KARACHI: An 80-year-old civil engineer who spent most of his professional life in Saudi Arabia and was inspired by the Islamic Botanical Garden in Sharjah will soon launch a similar project in the southern city of Karachi: Pakistan’s first Islamic garden.
Like the Sharjah park, which opened in 2014, Shaukat Omari’s garden features trees, plants and shrubs named in the Islamic scriptures. The garden is located inside the Jinnah Urban Forest, with 25 species having been planted so far, including olive, pomegranate and fig trees, date palms and citrus plants.
The garden is housed inside the Jinnah Urban Forest in Karachi, next to the mausoleum of the founder of Pakistan, Quaid-e-Azam Mohammed Ali Jinnah. The forest was inaugurated by President Dr. Arif Alvi and his wife Samina Arif Alvi on Oct. 17.
Omari hopes the Islamic garden, complete with a children’s play area, will be ready to open to the public within six months.
“I was inspired by the beautiful Islamic garden in Sharjah,” Omari told Arab News. “My research showed that 22 plants are mentioned in the Qur’an, while the rest of the 77 are named in Hadith literature.”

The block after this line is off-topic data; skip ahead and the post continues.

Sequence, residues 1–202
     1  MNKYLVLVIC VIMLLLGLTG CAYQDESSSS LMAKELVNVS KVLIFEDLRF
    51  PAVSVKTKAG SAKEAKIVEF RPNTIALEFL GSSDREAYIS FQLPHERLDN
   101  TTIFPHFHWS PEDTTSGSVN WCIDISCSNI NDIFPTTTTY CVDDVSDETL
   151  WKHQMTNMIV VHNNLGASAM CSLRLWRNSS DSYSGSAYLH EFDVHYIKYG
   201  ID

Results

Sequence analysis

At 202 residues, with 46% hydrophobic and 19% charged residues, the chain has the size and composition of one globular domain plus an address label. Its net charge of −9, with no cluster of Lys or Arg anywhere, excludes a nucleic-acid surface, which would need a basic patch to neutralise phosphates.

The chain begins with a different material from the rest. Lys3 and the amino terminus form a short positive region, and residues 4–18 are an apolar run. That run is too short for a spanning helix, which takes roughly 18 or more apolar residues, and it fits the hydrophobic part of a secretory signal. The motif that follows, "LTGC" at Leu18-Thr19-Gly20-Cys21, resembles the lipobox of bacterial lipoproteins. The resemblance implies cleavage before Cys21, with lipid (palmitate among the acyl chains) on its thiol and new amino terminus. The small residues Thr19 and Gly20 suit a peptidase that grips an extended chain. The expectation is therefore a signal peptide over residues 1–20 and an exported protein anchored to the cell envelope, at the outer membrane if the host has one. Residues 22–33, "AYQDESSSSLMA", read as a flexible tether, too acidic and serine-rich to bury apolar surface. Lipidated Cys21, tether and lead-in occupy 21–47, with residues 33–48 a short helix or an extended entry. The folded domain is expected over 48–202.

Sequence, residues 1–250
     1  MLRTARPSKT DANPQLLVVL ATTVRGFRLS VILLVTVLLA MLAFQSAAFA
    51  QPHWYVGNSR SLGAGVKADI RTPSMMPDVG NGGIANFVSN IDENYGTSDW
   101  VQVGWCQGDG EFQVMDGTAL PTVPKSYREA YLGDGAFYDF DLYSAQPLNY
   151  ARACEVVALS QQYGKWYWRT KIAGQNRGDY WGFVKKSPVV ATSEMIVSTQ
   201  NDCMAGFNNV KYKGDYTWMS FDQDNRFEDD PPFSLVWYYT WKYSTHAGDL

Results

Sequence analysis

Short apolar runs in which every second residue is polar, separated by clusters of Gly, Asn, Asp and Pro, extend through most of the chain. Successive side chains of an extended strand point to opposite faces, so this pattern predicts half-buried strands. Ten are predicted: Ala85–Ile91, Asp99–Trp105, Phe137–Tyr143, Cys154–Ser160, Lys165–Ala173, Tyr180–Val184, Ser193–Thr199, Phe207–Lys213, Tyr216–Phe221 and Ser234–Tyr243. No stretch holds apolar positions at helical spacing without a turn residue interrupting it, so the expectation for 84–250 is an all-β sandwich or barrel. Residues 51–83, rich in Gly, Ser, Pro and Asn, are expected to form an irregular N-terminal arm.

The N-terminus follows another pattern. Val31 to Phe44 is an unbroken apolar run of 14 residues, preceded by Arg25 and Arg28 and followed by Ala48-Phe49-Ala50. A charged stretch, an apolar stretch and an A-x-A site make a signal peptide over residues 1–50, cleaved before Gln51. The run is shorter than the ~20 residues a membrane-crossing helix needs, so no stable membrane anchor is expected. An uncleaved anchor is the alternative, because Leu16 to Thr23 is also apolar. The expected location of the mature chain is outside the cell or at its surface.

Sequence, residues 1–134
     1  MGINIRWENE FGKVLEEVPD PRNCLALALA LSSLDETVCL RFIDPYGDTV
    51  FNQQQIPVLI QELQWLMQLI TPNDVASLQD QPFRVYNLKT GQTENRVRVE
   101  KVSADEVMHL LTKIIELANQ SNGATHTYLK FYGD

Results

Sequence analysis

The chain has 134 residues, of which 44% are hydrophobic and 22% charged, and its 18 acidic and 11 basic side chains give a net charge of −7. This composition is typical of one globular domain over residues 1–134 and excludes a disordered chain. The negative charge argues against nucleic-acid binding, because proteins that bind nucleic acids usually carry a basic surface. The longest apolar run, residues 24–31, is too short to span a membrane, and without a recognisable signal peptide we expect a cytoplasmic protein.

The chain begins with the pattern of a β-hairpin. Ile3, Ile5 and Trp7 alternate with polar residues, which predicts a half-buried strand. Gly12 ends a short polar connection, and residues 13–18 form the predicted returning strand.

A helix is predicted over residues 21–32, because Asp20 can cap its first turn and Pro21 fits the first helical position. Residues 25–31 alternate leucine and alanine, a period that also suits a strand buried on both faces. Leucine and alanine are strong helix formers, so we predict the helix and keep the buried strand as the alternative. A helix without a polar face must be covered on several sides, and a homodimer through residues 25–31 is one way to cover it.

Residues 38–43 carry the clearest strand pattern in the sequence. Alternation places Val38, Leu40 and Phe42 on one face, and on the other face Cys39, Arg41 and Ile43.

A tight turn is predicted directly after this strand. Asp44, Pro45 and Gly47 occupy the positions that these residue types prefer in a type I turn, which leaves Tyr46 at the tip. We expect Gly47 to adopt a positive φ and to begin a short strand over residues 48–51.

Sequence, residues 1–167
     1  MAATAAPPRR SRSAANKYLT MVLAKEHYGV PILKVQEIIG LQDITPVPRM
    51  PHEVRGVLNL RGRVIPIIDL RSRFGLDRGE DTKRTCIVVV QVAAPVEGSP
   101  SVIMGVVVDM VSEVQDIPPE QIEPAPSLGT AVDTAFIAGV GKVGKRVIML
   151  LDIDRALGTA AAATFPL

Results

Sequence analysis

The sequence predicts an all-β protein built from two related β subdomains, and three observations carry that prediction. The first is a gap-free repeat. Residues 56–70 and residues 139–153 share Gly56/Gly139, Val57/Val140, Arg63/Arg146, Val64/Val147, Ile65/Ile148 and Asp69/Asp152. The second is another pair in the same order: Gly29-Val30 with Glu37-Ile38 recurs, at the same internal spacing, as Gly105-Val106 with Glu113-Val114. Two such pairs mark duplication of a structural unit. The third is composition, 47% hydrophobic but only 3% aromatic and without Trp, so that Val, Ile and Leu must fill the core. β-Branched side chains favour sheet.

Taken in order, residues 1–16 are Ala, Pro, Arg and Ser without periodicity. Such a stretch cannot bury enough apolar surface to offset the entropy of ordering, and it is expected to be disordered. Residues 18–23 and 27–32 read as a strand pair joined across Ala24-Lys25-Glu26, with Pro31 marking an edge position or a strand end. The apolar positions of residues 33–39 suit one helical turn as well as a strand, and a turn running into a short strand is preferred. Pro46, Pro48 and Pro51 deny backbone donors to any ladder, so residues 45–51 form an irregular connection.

Omari said he was also inspired by Prime Minister Imran Khan’s dedication to fighting climate change and his tree plantation projects around the country. In fact, the idea to set up an Islamic garden first started off as an attempt to plant more trees around Jinnah’s tomb.
When the urban forest was launched nearby, Omari came up with the idea of replicating the Sharjah Islamic Botanical garden there.
“I thought it was going to be great for children since very few people can tell you what the Qur’an and Hadith say about plants,” he said. “I felt the garden would be a perfect place to educate visitors.
“More than 75 percent of the plants here can be used for medicinal purposes,” he added. “We intend to tell children about their characteristics and how they were prescribed by the Prophet Muhammad (PBUH).”
Asked if he had any corporate or government support for the project, Omari said he and his fellow engineers did everything almost entirely on their own.
“We had no real support,” he said. “The only support we got was from the management of the mausoleum, which proved to be quite enough.”